What to do about all this? Some might say that it’s best, then, to avoid appropriation altogether. Stick to your own culture. Stick to what you know. Yet, isn’t fantasy inherently a speculative genre? Fantasy writers write about other cultures all the time, many of them made up in part if not in whole.

Author N. K. Jemisin argues, also on The Angry Black Woman, that pulling back is the wrong approach, and I agree with her. Her post is worth reading simply to illustrate all the ways that not writing about other cultures can be damaging.

“This kind of thinking sounds good until you examine it more closely and notice the underlying assumptions. Namely:

  • That the responsibility for incorporating PoC into white-dominated media — and stopping racism in same — lies solely with PoC.
  • That all of us creator-types, despite being, y’know, creative, are incapable of understanding the experiences of people different from ourselves, so we shouldn’t even try.
  • That there’s no need for consumers to see complete, multicultural worlds. Unless they’re designed by committee, anyway.

Here’s one big problem with insisting that it’s never OK to appropriate: the result is segregation. And here’s another: it’s a cop-out. The anti-appropriation argument applies a simplistic solution to a complex and nuanced problem — doing a good job of depicting The Other in fictional representation. It can be done, but it requires hard work. Research, self-examination, strategy. Rather than come up with this strategy, however, the anti-appropriation argument is a punt. Let the PoC handle PoC, while the white people stick to white people. Problem solved, the Jim Crow way."

So what should writers do? It may sound trite,but one approach is to treat these other cultures, in this case other mythologies, with respect. Do your homework. Research these stories. Understand how they are part of the culture. Look at what they really mean. Look at what you want to do with these ideas. When the story’s written, talk to people in the culture, if you can. Get their opinion. And -- this is important-- listen very carefully to the feedback. Many people will say upon hearing negative feedback that it wasn’t their intent to offend, or that they had the best intentions. This doesn’t really matter. Damage is done regardless of intention. Ignorance is not an excuse.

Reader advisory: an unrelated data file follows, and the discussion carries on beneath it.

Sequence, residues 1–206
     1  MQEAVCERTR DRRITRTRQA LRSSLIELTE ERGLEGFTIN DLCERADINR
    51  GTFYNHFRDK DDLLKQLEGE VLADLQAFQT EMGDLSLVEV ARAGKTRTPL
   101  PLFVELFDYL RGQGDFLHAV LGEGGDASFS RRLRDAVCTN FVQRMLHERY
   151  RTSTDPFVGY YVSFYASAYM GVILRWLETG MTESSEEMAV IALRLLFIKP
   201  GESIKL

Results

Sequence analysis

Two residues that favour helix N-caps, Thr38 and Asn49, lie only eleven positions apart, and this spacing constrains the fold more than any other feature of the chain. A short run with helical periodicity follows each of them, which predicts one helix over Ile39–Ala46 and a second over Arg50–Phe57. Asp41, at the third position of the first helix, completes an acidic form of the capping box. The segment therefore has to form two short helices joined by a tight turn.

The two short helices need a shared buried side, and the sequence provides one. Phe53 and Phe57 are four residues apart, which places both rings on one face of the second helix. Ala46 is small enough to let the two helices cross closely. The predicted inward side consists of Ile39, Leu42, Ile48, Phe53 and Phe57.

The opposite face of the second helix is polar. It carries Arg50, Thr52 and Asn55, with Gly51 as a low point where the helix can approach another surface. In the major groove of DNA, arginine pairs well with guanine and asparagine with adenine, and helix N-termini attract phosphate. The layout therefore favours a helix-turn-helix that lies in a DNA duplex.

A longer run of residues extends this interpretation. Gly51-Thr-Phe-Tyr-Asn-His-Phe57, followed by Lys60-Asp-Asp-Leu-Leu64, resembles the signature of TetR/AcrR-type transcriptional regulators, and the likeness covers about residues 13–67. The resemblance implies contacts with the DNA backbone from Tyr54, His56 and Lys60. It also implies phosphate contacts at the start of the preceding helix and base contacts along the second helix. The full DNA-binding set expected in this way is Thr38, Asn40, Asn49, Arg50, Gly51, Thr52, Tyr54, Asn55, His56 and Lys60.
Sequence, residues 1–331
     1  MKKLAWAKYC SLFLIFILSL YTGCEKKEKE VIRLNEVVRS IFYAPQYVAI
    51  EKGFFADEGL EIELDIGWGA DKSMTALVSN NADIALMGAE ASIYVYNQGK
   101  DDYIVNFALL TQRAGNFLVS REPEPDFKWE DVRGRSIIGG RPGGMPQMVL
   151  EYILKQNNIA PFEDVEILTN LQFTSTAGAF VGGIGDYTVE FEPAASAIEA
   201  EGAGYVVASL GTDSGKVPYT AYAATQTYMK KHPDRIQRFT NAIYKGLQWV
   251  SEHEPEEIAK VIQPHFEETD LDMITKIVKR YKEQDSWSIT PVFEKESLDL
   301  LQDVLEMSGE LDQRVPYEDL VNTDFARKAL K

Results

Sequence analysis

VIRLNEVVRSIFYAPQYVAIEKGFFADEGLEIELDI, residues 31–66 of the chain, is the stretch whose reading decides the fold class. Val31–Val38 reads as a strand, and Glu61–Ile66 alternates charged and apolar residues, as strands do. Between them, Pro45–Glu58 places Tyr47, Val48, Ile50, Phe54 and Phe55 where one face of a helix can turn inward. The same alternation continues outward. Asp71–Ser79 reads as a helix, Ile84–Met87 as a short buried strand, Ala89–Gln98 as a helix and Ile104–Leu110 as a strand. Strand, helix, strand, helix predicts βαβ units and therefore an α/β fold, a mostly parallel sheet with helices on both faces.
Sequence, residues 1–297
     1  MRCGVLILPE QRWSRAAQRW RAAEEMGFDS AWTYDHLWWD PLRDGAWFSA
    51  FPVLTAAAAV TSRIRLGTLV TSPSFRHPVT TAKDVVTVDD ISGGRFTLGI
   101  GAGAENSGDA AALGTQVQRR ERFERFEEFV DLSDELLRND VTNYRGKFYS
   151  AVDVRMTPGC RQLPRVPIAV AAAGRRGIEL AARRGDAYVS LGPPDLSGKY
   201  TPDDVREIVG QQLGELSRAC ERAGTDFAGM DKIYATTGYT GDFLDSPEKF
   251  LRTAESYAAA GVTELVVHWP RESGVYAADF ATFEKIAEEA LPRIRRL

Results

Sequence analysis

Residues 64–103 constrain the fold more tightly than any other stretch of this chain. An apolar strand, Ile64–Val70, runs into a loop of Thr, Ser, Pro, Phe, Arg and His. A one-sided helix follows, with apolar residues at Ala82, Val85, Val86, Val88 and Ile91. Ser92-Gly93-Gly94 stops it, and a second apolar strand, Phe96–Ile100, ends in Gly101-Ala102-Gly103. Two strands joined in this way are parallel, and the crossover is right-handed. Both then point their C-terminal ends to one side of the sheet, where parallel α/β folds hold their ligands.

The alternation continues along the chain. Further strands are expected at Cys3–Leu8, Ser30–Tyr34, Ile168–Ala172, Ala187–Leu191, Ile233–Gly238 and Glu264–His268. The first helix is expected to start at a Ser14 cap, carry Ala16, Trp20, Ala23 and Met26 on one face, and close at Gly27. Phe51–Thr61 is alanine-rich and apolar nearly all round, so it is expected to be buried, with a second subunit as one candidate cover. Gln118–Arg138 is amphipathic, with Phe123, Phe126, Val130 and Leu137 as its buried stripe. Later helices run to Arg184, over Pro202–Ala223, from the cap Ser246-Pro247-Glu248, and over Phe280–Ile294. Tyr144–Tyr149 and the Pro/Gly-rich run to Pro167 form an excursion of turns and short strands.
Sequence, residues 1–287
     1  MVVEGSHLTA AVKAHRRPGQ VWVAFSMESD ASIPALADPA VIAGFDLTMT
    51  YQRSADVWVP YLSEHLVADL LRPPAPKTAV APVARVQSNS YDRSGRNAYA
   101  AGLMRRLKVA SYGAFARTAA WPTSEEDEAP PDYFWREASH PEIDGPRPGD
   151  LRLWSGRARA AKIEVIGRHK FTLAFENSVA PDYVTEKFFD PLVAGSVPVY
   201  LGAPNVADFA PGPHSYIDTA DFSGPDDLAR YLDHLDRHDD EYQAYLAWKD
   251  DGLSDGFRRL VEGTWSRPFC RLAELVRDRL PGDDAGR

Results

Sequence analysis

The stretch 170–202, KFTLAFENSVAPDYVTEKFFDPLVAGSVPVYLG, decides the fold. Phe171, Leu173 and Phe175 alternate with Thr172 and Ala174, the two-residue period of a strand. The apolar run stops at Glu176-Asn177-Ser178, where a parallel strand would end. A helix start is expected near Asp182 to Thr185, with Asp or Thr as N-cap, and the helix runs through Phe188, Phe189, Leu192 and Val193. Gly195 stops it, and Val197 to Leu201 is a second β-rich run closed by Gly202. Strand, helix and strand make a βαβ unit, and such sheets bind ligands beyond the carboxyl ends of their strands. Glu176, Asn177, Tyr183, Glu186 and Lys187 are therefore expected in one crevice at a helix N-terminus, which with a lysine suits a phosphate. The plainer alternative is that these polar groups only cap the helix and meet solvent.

I love mythology, of all kinds, and I’ve enjoyed many of the works I mentioned earlier precisely because of their mythological elements. I’d love to see this continue. I’ve done it myself and intend to do it in the future. I hope to do it with care.

I put it you once again, where do you think the lines are drawn? What do you think are good examples of adapting other mythologies? What do you think are egregious examples of cultural appropriation? What solutions have you seen, if any, that work? I'd love to hear what you have to say. 

Image of Creatures of Light and Darkness
Author: Roger Zelazny
Price: $9.28
Publisher: Harper Voyager (2010)
Binding: Paperback, 208 pages
Image of Thief Eyes
Author: Janni Lee Simner
Price: $5.99
Publisher: Random House Books for Young Readers (2010)
Binding: Hardcover, 272 pages
Image of American Gods: The Tenth Anniversary Edition: A Novel
Author: Neil Gaiman
Price:
Publisher: William Morrow (2011)
Binding: Hardcover, 560 pages
Image of The Fox Woman
Author: Kij Johnson
Price: $18.74
Publisher: Tor Books (2001)
Binding: Paperback, 384 pages
Image of The Dirty Streets of Heaven: Volume One of Bobby Dollar
Author: Tad Williams
Price: $6.26
Publisher: DAW (2012)
Binding: Hardcover, 416 pages
Rajan Khanna

Column by Rajan Khanna

Rajan Khanna is a fiction writer, blogger, reviewer and narrator. His first novel, Falling Sky, a post-apocalyptic adventure with airships, is due to be released in October 2014. His short fiction has appeared in Lightspeed Magazine, Beneath Ceaseless Skies, and several anthologies. His articles and reviews have appeared at Tor.com and LitReactor.com and his podcast narrations can be heard at Podcastle, Escape Pod, PseudoPod, Beneath Ceaseless Skies and Lightspeed Magazine. Rajan lives in New York where he's a member of the Altered Fluid writing group. His personal website is www.rajankhanna.com and he tweets, @rajanyk.

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Comments

Mess_Jess's picture
Mess_Jess from Sydney, Australia, living in Toronto, Canada is reading Perfect by Rachael Joyce August 28, 2012 - 10:08am

Great article!

I'm Australian, and I've been considering writing a short story incorporating some Aboriginal Australian mythology into it. What's stopped me is thinking abot how to do this in a culturally sensitive light.  Research and talking to people in the specific demographic the mythology is taken from is pretty obvious stuff, but it's a good reminder of how to go about this without feeling like a culturally imperalistic dickhead.

 

Jairo Arana's picture